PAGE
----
July 13, 2011
Puerto Rican anoles, Anolis evermanni, were tested on a food-finding apparatus normally used on birds. The lizards showed they could solve a novel problem, remember solutions and "unlearn" incorrect approaches. Credit: Manuel Leal, Duke University
"They'd put their snout under the little plastic chip and then quickly bump it," Leal said in a press release. "They don't do this in the wild."
The lizards were only given one chance per day, while birds were given several every day. If the lizard didn't succeed they had to wait 24 hours for the next opportunity to feed.
Next researchers put two caps--one bright and one dull--over the wells, and the lizards quickly learned to associate the bright cap with the worm, ignoring the dull one. After this, the researchers tried to trick the lizards: they switched the worm, hiding it under the dull cap. This proved more difficult. But after a few trials, two of the four lizards began to flip the dull cap instead of the bright one.
"We named these two Plato and Socrates," Leal says.
A related species of anole, but not used in the research.
"We know birds and mammals have bigger brains and that within bird species and within mammal species, the bigger the brain is, the higher the chance of that larger-brained species making it when moving to a new environment," Lefebvre said in a press release. "It may be the same with lizards."
Anoles have been shown to be especially successful at surviving in new habitats. There are over 400 species of anoles, making them the largest genus in the reptile class.
For his part, Leal plans to test other lizards and compare body-to-brain size this year.
For decades researchers have discovered that the world's animals are often far more clever than society has given them credit for. Along with the great apes, crows and octopus have been shown to use tools. Bees can count. Hens experience empathy for their chicks. Paper wasps can other recognize wasp-faces. The more we learn about animal intelligence, the less distinct we are.
World's 'most social' lizard builds multigenerational homes
(05/31/2011) Researchers from Macquarie University in Australia have discovered that the threatened great desert burrowing skink lizard forms stable families that construct and maintain elaborate underground homes, reports ABC News. This is the first lizard in the world known to practice such familial behavior. Native to central Australia, researchers are conducting studies on the great desert skink (Liopholis kintorei) at Uluru Kata-Tjuta National Park, where rangers monitor the threatened species. Over 5,000 species of lizard have been documented globally, but only the Uluru skinks live together in immediate and social families that invest in the construction of long-lasting homes.
With 24 eyes, box jellyfish are constantly looking up
(04/28/2011) Lacking brains does not mean box jellyfish are incapable of complex visual behavior, according to a new study in Current Biology. Researchers have known for over a century that box jellyfish support an astounding two-dozen eyes. Now, they are beginning to find out how these eyes are used: four of a box jellyfish's 24 eyes are always peering up out of the water finds the new study. These four eyes, no matter how the body is oriented, allow the jellyfish to navigate their shallow, obstacle-filled habitats, such as mangroves—and keep them from straying too far from home.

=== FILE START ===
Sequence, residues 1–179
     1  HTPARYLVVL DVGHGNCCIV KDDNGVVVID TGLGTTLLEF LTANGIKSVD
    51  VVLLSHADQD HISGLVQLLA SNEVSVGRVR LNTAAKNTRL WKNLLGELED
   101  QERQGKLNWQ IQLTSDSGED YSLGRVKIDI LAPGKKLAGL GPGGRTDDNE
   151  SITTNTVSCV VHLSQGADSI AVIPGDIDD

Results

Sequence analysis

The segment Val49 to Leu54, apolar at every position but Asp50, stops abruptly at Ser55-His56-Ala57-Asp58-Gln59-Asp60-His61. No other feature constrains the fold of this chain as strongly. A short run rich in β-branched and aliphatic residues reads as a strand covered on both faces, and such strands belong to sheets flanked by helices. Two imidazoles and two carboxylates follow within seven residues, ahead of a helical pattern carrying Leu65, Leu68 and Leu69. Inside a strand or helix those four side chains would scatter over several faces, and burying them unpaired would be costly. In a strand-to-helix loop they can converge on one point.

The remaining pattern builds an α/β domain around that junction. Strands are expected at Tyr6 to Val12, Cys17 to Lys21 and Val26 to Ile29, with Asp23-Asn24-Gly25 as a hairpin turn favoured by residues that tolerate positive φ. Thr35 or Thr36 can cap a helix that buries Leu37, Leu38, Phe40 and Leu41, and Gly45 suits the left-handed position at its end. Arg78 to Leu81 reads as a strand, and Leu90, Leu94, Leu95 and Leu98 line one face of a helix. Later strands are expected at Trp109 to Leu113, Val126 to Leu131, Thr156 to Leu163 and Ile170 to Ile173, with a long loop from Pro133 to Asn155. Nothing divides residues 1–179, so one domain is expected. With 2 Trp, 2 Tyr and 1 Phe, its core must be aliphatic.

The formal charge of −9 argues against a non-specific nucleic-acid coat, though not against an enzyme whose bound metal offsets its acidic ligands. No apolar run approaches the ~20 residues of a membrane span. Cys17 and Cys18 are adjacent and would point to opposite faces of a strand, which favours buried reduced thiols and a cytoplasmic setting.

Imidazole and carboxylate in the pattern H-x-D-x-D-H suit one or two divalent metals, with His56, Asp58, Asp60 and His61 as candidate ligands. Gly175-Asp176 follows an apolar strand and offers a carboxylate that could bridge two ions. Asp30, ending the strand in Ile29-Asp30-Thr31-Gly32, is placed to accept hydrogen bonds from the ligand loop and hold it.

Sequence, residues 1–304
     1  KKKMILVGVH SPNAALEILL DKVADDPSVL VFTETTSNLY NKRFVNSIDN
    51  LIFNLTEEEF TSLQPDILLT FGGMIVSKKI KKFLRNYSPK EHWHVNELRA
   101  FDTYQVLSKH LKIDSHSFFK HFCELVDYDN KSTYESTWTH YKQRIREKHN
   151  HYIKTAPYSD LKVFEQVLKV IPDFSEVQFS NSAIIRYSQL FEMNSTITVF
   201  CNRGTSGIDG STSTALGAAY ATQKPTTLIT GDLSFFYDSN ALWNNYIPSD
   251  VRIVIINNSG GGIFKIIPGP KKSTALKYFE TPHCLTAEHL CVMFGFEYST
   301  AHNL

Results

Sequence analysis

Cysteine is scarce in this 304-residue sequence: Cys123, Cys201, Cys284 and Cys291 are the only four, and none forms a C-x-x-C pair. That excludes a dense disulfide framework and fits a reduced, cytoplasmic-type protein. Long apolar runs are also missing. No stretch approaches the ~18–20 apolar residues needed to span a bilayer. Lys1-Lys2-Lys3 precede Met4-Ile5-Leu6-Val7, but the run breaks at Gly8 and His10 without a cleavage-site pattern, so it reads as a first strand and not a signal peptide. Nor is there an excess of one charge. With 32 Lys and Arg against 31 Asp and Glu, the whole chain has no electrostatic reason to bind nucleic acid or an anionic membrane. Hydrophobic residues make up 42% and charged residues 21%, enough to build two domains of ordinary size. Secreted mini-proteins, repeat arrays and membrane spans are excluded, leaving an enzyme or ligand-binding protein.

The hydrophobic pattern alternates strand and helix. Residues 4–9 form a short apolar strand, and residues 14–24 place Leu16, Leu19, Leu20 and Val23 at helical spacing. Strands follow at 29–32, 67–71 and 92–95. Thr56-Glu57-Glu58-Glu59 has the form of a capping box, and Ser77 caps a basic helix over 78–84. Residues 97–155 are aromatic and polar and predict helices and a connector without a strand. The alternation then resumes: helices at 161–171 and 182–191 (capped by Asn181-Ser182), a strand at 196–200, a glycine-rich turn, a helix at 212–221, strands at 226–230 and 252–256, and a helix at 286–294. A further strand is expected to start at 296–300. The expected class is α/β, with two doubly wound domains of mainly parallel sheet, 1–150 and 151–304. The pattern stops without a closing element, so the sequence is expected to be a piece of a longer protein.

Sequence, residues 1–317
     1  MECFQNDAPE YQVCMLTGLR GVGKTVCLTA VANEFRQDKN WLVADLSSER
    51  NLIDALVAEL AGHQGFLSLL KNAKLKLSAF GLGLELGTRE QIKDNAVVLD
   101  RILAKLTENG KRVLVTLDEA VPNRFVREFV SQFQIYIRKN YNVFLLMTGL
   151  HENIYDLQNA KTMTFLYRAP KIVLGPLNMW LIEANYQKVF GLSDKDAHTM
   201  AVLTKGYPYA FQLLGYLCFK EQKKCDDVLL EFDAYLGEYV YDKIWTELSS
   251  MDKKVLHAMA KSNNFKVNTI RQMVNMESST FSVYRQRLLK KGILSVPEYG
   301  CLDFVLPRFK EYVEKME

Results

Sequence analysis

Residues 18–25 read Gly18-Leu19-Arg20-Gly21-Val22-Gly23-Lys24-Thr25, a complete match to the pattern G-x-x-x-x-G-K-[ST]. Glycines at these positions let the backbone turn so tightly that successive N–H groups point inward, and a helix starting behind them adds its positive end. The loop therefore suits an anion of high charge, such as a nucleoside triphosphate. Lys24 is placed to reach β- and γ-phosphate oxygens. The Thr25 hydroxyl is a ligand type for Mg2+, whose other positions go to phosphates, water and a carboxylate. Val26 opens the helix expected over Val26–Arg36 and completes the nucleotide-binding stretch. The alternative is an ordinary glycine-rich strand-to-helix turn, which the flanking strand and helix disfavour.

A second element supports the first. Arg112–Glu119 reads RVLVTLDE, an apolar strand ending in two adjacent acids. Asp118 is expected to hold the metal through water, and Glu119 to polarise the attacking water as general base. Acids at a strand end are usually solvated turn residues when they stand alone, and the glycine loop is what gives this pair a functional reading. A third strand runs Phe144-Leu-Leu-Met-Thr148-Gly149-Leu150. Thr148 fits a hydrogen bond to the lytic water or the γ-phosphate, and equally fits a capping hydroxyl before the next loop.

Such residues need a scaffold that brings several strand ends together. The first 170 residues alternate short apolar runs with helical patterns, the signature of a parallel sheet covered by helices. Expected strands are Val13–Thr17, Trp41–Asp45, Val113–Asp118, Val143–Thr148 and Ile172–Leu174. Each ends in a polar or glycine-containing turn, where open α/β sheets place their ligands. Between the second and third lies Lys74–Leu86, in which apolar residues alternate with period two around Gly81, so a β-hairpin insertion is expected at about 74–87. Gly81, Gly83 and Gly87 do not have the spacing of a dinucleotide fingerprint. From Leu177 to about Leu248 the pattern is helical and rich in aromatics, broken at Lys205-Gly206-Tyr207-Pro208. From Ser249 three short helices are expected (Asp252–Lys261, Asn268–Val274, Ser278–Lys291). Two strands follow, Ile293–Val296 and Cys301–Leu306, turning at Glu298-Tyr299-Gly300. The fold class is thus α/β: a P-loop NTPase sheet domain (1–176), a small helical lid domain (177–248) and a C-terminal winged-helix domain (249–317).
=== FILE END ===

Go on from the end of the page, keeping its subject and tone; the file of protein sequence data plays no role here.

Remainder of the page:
Critically endangered capuchins make tools to gather termites
(03/10/2011) Less than 200 blond capuchins (Cebus falvius) survive in the highly-fragmented habitat of Brazil's Atlantic Forest. But this tiny group of monkeys, only rediscovered in 2006, is surprising scientists with its adept tool-using abilities. Displaying similar behavior to that which made the chimpanzees of Gombe famous worldwide, the blond capuchins modify sticks to gather termites from trees; however, according to the study published in Biology Letters the blond capuchins use two techniques never witnessed before: twisting the stick when inside the termite nest and tapping the nest before inserting the stick.
Elephants cooperate as well as chimps
(03/07/2011) A new study proves that elephants understand how sometimes two is better than one. Working with Asian elephants (Elephas maximus) at the Thai Elephant Conservation Center, researchers reconstructed a classic cooperation test that was originally developed for chimpanzees. Subjects must pull on a rope to receive a reward, such as food, however—and here's the crux—the treat is only released if two subjects cooperate by pulling on two different ropes simultaneously. The paper published in Proceedings of the National Academy of Sciences found that elephants were as capable of cooperation as chimpanzees.
Scientists discover that bats practice oral sex
(10/28/2009) The short-nosed fruit bat Cynopterus sphinx is the first bat species to have been observed engaging in oral sex.